Dr. John Spink from Michigan State University focused his discussion on food fraud and highlighted the preliminary results of joint research based on a global survey of food fraud terminology conducted by MSU, GMA and SEF.  While there was consensus among respondents in identifying food fraud as a food safety issue with 86% supporting that categorization, the research suggests that there is a lack of consensus within industry on the proper terminology to use for describing food fraud.

Of the terms included to represent “intentional deception for economic gain,” 50% preferred the use of “food fraud,” 15% sided with “economically motivated adulteration,” 9% selected “EMA,” 7% chose “food protection,” 5% preferred “food integrity,” 5% chose “food authenticity,” and 2% liked “food crime.”

Dr. Spink noted that the survey highlighted the confusion in food fraud-related terminology and how the potential overlap in definitions could impede industry efforts to address the issue.  He further stressed that given the current scope of food fraud in the global food marketplace, there is an urgent need to clarify definitions and terms that can collectively be used by companies to address food fraud on a global scale. CODEX is currently reviewing the definitions of food fraud in considerable detail and this work is expected to inform current efforts to achieve better consensus on the terminology around this issue.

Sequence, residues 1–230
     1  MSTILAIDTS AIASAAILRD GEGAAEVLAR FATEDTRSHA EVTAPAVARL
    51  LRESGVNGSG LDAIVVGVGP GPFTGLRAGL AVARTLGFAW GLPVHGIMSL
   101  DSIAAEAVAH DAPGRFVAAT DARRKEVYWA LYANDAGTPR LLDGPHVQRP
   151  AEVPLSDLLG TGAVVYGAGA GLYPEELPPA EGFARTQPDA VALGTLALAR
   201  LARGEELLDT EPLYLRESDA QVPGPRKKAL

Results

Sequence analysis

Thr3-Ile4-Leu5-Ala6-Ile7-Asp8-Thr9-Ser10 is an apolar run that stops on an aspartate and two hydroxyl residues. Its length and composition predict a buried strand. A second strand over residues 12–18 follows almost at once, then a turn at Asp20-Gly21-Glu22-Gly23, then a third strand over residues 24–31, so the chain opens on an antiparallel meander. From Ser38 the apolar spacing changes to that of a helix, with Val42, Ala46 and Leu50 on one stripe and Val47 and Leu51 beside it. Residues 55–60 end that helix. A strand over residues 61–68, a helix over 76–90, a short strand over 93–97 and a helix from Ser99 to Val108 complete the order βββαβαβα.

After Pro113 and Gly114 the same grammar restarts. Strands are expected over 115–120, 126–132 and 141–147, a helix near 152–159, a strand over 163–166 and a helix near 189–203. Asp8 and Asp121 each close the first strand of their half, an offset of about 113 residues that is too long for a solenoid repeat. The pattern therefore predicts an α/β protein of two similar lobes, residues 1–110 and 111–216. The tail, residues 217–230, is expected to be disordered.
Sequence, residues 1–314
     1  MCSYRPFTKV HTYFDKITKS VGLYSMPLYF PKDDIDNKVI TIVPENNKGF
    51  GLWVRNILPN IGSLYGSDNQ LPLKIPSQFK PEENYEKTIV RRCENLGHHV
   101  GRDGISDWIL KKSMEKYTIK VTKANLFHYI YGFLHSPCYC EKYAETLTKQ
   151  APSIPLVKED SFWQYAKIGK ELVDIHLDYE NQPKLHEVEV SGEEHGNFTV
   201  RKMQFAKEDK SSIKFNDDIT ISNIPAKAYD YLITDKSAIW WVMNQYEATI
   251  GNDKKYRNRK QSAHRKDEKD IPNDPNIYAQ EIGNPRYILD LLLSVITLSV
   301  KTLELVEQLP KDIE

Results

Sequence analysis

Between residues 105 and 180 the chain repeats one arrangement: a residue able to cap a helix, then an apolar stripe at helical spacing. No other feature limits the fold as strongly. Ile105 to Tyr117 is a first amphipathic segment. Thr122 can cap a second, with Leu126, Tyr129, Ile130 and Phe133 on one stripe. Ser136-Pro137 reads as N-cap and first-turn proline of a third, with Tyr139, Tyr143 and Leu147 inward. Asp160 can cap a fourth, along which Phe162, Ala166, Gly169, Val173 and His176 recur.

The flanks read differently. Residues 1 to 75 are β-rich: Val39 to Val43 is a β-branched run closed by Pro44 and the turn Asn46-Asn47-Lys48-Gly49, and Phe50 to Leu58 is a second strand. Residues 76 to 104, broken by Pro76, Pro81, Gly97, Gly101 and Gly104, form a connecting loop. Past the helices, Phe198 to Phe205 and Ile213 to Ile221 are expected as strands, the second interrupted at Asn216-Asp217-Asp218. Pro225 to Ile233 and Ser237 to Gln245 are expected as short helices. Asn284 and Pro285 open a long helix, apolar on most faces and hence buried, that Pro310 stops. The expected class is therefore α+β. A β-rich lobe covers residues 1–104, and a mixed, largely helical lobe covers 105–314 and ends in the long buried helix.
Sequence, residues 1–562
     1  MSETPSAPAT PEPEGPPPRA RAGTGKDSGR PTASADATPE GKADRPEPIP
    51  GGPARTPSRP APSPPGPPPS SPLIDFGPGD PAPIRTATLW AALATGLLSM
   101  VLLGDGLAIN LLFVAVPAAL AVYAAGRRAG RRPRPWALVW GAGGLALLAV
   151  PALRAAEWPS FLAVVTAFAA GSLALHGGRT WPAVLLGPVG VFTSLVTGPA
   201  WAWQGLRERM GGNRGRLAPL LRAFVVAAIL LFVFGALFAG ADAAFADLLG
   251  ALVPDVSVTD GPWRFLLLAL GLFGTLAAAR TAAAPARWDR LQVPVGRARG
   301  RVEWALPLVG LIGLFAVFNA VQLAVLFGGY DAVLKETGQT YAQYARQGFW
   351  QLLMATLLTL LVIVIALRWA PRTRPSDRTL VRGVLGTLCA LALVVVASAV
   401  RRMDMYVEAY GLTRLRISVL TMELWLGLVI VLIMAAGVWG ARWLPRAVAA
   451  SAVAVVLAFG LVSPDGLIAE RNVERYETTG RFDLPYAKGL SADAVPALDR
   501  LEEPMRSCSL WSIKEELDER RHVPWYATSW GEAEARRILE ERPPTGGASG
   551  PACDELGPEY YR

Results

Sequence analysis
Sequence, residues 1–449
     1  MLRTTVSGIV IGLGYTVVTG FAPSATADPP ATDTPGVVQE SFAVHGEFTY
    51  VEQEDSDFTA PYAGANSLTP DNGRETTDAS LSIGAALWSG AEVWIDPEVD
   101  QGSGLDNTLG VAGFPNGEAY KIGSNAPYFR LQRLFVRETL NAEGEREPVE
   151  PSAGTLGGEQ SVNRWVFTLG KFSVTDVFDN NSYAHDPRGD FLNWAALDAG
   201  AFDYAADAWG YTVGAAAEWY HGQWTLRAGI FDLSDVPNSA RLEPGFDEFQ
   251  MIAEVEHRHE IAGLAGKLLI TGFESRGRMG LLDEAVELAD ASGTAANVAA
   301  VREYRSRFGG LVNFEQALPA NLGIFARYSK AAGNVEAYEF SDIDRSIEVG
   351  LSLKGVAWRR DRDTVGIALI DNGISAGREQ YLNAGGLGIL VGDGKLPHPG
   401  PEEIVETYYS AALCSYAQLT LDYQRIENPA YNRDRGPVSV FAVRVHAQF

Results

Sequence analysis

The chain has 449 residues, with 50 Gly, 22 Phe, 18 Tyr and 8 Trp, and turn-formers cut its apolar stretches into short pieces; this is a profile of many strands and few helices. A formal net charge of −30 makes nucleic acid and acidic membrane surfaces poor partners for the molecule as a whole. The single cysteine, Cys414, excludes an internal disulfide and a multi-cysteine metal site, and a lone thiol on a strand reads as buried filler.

The session provided attendees with some important insights and lessons learned on addressing product fraud.  The GMA and SEF are currently updating the ATKearney report to clarify the current scope of this issue and provide industry with guidance on how best to prevent and mitigate it going forward.  The updated report should be released by June.